Morning Manna focuses on Word, Sign and Deed


Bishop Gregory Palmer used the morning devotional times to examine the Conference theme of Intentional Faith Development from three perspectives: from Word, a focus on Scripture; Sign, a focus on the Sacraments; and Deed, a focus on works.


“If we are to grow in Christ, we must have a life-long love affair with the Scriptures,” Palmer said, drawing upon Psalm 119: 103, 105.
Utilizing data from the Barna Research Group, Palmer noted the need for being better students of the Bible:
  • People are more likely to know the names of the Brady Bunch than they are the 10 Commandments or the names of the Apostles.
  • More know the contents of a Big Mac sandwich than the contents of the Bible
  • A significant number of people believe Joan of Arc to be Noah’s wife
Bishop Palmer recounted an incident in which he was the guest speaker at Germany’s Annual Conference and during a meal together with Bishop Walter Klaiber, Klaiber told Palmer he was going to be teaching at one of the American seminaries. Knowing that Klaiber was a great Biblical scholar, Palmer asked him what he was going to be teaching or what would be his area of focus. To which Bishop Klaiber replied, “Zee Bible!”
Palmer suggested that one of the greatest impediments has been the Interpreter’s Bible and other commentaries.
“Have you read the text, lived with the text, walked around the text?” Palmer asked. Quoting Roland Murphy, “Protestant preaching in the 20th Century has been ruined by the Interpreter’s Bible and other commentaries because preachers are running to the commentaries before going to the Bible.” To which Palmer added: “They (the commentaries) should never be a diversion or a crutch to going to the Word.”
Palmer noted that engaging the Word does four important things:
  • Tells us the nature of God
  • Informs us about the nature of who we are and who are created to be
  • Shapes us in calling and vocation.
  • Tells us of God’s intention and action to save the world
“We have the scroll, but it won’t do any good if we don’t unroll it,” Palmer said.


On Friday, Bishop Palmer examined the role of sacrament in the process of faith development. Drawing upon the text of Romans 6, Palmer reminded those gathered that sacrament is part of our United Methodist heritage.
“We cannot be in a holy relationship with God without the sacraments,” Palmer said. “At this water (baptismal font) and at this table (the Communion table), I am reminded who I am. It begins in these waters and is rehearsed over and over again.”
Palmer noted some churches have a tendency to move the font and Lord’s Table like furniture, getting it front and center only when it will be used on a given Sunday.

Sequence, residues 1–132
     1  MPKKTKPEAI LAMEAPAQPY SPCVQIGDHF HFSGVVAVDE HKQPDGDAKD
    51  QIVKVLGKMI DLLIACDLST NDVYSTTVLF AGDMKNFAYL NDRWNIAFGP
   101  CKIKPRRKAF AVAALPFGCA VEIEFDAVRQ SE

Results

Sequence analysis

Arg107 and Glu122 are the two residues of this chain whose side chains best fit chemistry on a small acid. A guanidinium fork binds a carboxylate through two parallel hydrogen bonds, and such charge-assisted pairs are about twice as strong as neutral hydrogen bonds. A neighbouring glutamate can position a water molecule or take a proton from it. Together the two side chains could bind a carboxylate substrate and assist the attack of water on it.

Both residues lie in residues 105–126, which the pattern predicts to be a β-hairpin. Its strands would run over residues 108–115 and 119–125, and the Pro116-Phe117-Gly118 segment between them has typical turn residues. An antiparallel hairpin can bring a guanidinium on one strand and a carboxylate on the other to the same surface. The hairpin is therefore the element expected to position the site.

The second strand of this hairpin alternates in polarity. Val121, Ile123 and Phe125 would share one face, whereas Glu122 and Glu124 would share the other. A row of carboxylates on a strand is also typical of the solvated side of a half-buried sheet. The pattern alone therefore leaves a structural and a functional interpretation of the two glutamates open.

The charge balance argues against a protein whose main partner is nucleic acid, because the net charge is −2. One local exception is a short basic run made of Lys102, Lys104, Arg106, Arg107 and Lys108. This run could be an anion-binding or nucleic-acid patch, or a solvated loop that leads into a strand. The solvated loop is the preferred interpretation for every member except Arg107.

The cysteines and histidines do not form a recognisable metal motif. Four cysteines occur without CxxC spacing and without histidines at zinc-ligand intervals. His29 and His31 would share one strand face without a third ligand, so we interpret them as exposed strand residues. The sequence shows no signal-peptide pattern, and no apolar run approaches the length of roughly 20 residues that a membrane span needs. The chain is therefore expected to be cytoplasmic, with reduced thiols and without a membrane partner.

“The font and the cross both should both be visible,” Palmer said. “By their very presence, they become a teaching tool rather than writing your name in the dust of those that haven’t been used in a while.”
Bishop Palmer noted that the sacramental life brings about two fruit: confession and community.
“Confession is necessary before coming to the Table,” Palmer said. He noted that the Prayer of Humble Access from the traditional text from the rituals of the former Methodist and former Evangelical United Brethren churches (found in Table Setting IV, UM Hymnal, p. 30) underscores the need.
“And second, each of the signs reminds us we are in community,” Palmer said. “Let me know how that Jesus and Me is working out for you outside of community. We need a community to fully understand. And my life has been stretched to a God Place because I have been in community with others. These waters will make you clean and shape your life in ways you can’t imagine.”


Using the story of the Good Samaritan, from Luke 10, Palmer pointed out that the gospel writer was focusing on action and deeds not on whether the individuals in the story’s doctrine was “in apple pie order.”
“When I was a young preacher, I followed the path of others in making great sport for those who passed by the man,” Palmer admitted. “However, since that time, I have become more sympathetic and understand there were reasons that were absolutely rational for passing the man by. But the consequence was the man was left for dead.”
Luke’s message of inclusion underscores that actions and deeds will be the basis and Palmer added, “some of those you think aren’t going to make it are already there by decree because they have deed their way, they have served their way, they have lived their way, they have embodied their way, and have incarnated their faith in such ways that God is glorified and broken humanity is healed.”
The Samaritan did three things:
  • He stopped
  • He stooped 
  • He served
“Because the Samaritan saw, he stopped and paid attention and his heart is drawn into compassion,” Palmer said. “The lenses we put on determines what we see and how we respond. Once we see it, it liberates us to serve or to walk by.”
Palmer also said when we serve, we trust God. “When you spend yourself for humanity, you will never to be in short supply,” he said. “It allows us to give ourselves away in ministry. If you will spend next year, giving yourself, your church and the Gospel away, you will have a new church, a new speech and new praise.”